Britain and Poland Sign Defence Treaty Ahead of Brexit

theresa may and mateusz morawiecki
JANEK SKARZYNSKI/AFP/Getty

WARSAW (AFP) – Poland and Britain signed a new defence treaty on Thursday as Prime Minister Theresa May sought to deepen ties with Warsaw ahead of her country’s exit from the EU by March 2019.

“Our defence and security cooperation is already strong, but we have gone even further today in signing this landmark joint UK-Poland treaty on defence and security cooperation,” May said at a joint press conference with counterpart Mateusz Morawiecki.

“It is only the second such treaty we have signed with a European Union country,” May said, adding that “there could be no clearer expression of the closeness of the UK’s relationship with Poland.”

May said the new deal will cover training, information sharing and defence cooperation.

The countries are NATO allies and British troops are stationed in Poland as part of the Western defence alliance’s bid to reinforce its eastern front and deter a more assertive Russia.

May said the two sides also agreed to bolster “cooperation to counter Russian disinformation in the region including through new joint strategic information projects.”

Britain’s Prime Minister Theresa May (2ndL) talks next to her Polish counterpart Mateusz Morawiecki (L) during a meeting with Polish veterans and British and Polish soldiers in Warsaw on December 21, 2017. (JANEK SKARZYNSKI/AFP/Getty)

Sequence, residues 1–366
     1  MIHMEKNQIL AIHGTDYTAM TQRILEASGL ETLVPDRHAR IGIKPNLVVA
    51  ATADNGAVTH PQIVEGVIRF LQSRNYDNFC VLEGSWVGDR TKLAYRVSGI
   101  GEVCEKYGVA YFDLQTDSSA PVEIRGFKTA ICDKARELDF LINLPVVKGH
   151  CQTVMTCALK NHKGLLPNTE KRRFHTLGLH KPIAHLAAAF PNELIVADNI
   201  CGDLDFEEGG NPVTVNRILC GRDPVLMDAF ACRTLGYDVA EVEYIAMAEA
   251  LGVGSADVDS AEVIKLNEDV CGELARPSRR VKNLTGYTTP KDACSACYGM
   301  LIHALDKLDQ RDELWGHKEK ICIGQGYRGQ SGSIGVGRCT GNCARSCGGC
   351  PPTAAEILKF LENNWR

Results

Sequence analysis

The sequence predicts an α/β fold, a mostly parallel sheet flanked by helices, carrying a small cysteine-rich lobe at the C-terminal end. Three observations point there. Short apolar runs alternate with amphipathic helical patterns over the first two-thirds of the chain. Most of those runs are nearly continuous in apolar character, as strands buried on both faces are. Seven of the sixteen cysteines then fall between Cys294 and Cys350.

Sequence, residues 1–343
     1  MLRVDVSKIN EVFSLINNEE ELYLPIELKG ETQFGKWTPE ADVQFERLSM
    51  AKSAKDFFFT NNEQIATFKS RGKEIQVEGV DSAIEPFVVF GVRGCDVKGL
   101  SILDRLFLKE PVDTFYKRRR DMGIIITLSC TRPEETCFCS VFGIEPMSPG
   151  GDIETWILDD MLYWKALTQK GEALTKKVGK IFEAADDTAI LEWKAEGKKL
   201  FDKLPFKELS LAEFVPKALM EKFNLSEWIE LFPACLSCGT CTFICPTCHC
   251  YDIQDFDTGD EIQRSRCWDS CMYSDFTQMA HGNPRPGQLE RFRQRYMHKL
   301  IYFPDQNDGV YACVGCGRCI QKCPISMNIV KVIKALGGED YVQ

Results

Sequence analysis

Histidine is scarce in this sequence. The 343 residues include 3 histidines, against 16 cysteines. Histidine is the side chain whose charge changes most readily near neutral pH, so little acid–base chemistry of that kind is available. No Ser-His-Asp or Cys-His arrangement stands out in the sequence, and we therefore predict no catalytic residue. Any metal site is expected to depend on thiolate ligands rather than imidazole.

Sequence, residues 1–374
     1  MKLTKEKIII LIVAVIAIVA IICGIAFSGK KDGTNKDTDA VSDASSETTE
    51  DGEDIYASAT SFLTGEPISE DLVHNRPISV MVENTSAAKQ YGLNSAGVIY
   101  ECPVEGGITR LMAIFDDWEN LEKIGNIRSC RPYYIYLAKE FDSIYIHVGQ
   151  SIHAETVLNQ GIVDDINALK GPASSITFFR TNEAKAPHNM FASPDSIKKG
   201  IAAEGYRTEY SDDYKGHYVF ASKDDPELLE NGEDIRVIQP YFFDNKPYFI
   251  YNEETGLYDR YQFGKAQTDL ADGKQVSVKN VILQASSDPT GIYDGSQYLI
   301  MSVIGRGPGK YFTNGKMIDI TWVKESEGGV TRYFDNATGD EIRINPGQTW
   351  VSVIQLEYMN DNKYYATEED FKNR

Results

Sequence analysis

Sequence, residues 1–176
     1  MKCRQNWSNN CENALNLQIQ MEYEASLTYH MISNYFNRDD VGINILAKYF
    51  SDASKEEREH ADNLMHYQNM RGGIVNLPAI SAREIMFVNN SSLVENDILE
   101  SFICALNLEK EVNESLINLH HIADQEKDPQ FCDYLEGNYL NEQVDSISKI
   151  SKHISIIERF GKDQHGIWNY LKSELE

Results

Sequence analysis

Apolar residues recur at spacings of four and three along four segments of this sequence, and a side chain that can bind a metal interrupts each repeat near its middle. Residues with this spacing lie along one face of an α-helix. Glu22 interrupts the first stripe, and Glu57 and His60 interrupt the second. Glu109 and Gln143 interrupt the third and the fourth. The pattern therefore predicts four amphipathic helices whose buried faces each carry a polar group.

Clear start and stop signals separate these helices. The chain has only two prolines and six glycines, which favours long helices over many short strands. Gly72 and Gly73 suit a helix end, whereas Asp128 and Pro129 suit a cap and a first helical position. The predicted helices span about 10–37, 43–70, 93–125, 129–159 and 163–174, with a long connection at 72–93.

“We are both deeply concerned by Russia’s attempts to weaponise information. The Kremlin is seeking to undermine the international rules-based system, and it will not succeed.”

May also announced the creation of a new UK-Poland business council, which she called “the first of its kind for the UK in Europe.”

“The forum will be business-led and will work to identify any remaining barriers to bilateral trade as we prepare to leave the EU,” May said.

She said that she wanted to assure the over one million Polish citizens in Britain that “they are a strong part” of British society “and we want them to stay.”

Morawiecki, however, said that he wanted those Polish migrants to return to bolster a weak labour market.

Hundreds of thousands of Poles flocked to Britain in search of a better life after Warsaw’s 2004 entry into the European Union.

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